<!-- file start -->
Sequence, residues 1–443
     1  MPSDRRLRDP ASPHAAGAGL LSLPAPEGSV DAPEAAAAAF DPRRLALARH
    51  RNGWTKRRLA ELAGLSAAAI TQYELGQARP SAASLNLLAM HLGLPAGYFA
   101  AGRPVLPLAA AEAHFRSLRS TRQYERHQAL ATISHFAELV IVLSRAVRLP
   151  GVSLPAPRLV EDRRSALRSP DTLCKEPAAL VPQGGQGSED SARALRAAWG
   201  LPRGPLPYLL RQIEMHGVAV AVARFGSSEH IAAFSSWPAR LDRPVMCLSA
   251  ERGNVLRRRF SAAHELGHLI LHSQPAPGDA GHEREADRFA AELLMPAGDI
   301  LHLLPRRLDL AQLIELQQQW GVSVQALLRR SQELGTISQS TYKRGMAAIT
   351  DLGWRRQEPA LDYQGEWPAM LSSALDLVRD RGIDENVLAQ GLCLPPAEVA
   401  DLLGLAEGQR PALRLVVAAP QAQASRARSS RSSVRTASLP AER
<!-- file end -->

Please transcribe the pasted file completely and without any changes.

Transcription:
Sequence, residues 1–443
     1  MPSDRRLRDP ASPHAAGAGL LSLPAPEGSV DAPEAAAAAF DPRRLALARH
    51  RNGWTKRRLA ELAGLSAAAI TQYELGQARP SAASLNLLAM HLGLPAGYFA
   101  AGRPVLPLAA AEAHFRSLRS TRQYERHQAL ATISHFAELV IVLSRAVRLP
   151  GVSLPAPRLV EDRRSALRSP DTLCKEPAAL VPQGGQGSED SARALRAAWG
   201  LPRGPLPYLL RQIEMHGVAV AVARFGSSEH IAAFSSWPAR LDRPVMCLSA
   251  ERGNVLRRRF SAAHELGHLI LHSQPAPGDA GHEREADRFA AELLMPAGDI
   301  LHLLPRRLDL AQLIELQQQW GVSVQALLRR SQELGTISQS TYKRGMAAIT
   351  DLGWRRQEPA LDYQGEWPAM LSSALDLVRD RGIDENVLAQ GLCLPPAEVA
   401  DLLGLAEGQR PALRLVVAAP QAQASRARSS RSSVRTASLP AER